Sex and the Fat Girl: Too Fat to Fuck?

A little over two years ago, “World’s Fattest Man” Manuel Uribe married his fiance Claudia Solis to the clucking dismay of fat haters everywhere. How could she be sexually attracted to someone so fat? How do they even have sex? When the answer to the latter question came in, you could almost see the horrified faces: His friends constructed a “sex ramp” that enabled him to consummate his marriage. The idea of fat people having sex has long been a source of asshole-ish commentary and thinly veiled (if you’re lucky) disgust. And yet, we fat people keep going on and getting it on.

The case of Manuel Uribe shines a light directly on society’s discomfort with the existence of fat people who continue to live their lives fully despite the oppression they feel, and who, despite society’s vigorous objections, continue to engage in activites that bring sexual pleasure. Infamously, last October Marie Claire printed a blog post on their website by Maura Kelly that essentially said “ew, gross” to the sight of two fat people kissing. Clothes on, nothing past first base. So apparently, we’re supposed to “get a room” even to just make out (what’s incredibly silly is that on the show Ms. Kelly was referring to, Mike and Molly, they were kissing inside their own house), because it’s just too much for thin people to look at without being disgusted. To quote Ms. Kelly, who is addressing a question posed to her:

So anyway, yes, I think I’d be grossed out if I had to watch two characters with rolls and rolls of fat kissing each other … because I’d be grossed out if I had to watch them doing anything. To be brutally honest, even in real life, I find it aesthetically displeasing to watch a very, very fat person simply walk across a room — just like I’d find it distressing if I saw a very drunk person stumbling across a bar or a heroine [sic] addict slumping in a chair.

This gets into judgments of health status, which if you followed my last column here (or pretty much any fat acceptance blog), you know is just a red herring to distract from underlying fatphobia. People love to “health troll” fat people under the guise of concern, as Ms. Kelly does in her article. Notice she tacks on the end of that quote a qualifier that she just doesn’t like to watch any kind of “unhealthy” behavior, but in the process equates being fat to being an alcoholic or a drug addict. But her main point remains: Fat people should not be sexual, at least not in front of anyone who isn’t also fat. It’s just too much for the delicate sensibilities of fat haters. I can only imagine what Ms. Kelly would have had to say about Manuel Uribe’s sex ramp.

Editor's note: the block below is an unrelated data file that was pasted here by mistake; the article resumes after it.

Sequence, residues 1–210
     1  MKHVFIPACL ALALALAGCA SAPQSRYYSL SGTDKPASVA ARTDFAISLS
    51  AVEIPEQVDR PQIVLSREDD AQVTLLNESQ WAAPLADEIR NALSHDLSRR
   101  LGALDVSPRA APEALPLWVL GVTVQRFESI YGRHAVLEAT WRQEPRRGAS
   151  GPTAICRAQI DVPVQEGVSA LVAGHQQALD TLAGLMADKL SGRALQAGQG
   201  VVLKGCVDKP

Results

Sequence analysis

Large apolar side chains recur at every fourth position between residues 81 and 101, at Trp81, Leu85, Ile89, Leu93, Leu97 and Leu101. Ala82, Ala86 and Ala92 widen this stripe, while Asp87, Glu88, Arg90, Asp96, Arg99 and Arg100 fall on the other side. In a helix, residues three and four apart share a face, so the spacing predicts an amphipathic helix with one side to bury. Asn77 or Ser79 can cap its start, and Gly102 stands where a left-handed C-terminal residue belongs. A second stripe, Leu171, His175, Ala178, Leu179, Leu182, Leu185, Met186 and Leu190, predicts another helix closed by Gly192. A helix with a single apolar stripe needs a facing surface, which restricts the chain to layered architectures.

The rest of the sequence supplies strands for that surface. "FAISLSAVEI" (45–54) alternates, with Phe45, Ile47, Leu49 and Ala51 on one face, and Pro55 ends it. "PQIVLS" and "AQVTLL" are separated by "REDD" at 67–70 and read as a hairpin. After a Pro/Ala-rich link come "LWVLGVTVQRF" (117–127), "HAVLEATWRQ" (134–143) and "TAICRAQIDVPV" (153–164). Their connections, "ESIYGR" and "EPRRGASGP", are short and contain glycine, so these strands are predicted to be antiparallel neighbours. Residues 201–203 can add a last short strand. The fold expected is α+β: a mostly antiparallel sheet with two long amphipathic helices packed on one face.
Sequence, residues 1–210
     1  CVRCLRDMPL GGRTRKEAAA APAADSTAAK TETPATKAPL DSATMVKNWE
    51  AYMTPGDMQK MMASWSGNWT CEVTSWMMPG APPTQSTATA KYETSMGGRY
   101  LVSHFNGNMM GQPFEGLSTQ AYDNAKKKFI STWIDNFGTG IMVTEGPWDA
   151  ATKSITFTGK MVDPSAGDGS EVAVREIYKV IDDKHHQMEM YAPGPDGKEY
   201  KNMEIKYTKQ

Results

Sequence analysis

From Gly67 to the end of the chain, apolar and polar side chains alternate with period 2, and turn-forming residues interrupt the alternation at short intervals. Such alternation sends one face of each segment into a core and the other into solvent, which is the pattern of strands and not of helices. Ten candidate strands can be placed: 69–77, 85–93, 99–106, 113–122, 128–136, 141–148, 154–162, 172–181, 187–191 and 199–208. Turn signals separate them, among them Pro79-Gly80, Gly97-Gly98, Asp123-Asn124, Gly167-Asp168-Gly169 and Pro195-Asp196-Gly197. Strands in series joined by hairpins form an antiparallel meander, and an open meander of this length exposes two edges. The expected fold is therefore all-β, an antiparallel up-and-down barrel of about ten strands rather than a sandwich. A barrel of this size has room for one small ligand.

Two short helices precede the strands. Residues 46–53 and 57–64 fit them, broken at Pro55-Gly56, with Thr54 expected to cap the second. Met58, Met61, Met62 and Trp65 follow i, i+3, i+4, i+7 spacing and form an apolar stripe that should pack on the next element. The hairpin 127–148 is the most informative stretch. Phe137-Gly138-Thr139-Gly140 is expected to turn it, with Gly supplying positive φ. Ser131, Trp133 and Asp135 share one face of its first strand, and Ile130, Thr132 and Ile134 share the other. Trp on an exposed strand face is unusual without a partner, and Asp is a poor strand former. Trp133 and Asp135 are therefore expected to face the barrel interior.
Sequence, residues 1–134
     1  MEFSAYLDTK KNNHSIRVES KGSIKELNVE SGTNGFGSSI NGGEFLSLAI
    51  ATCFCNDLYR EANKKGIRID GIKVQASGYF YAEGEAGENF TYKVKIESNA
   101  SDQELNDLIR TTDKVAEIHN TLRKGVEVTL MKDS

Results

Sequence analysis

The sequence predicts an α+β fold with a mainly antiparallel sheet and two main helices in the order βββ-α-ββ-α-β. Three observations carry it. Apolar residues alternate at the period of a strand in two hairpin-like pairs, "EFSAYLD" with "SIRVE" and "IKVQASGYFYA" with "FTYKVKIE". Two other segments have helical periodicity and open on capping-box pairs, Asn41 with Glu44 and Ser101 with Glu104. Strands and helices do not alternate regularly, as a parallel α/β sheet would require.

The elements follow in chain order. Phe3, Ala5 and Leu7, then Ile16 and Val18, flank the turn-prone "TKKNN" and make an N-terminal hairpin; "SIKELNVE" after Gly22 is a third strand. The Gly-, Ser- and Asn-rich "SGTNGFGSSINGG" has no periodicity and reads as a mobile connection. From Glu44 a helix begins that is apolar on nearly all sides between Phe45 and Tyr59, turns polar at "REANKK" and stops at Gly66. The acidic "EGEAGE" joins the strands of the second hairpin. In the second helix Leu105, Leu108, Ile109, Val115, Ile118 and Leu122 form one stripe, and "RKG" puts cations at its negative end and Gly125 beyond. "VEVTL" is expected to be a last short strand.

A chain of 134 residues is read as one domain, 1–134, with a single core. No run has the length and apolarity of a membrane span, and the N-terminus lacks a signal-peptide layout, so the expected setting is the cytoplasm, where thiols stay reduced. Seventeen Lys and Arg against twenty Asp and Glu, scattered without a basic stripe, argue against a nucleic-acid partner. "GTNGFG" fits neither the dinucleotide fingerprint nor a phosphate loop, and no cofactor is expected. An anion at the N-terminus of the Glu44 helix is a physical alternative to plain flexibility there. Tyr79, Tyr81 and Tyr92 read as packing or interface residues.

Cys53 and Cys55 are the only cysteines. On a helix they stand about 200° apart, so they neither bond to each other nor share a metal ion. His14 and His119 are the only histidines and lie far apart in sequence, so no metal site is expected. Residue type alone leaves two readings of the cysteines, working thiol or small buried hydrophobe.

I’d like to digress for a minute and point out the ableism inherent in ridiculing the sex ramp. Some disabled people also need to use assistive devices to be able to have sex, and if you’re making fun of someone because they’re not able to have sex the “normal” way, you’re including some disabled folk in there too.

But, back to the main point. Interestingly, some studies have shown that fat women have more sex than their smaller counterparts. So clearly, we’re not all gaining weight to armor ourselves against sexual advances/activity, as some Freudian theories would have you believe. Whether or not society views fat women as sexual beings, our pool of potential partners doesn’t seem to be drying up, despite all the “roll them in flour” type of fat sex jokes. This study seems to prove that while some people might say one thing about fat women (and fat men) being sexually desirable, they say a whole ‘nother thing when the lights are dimmed.

If the story of Manuel Uribe, Claudia Solis and of course, the sex ramp doesn’t prove that fat people, even people the size of “the world’s heaviest man,” are just as sexual as nonfat people, I don’t know what more evidence you need.

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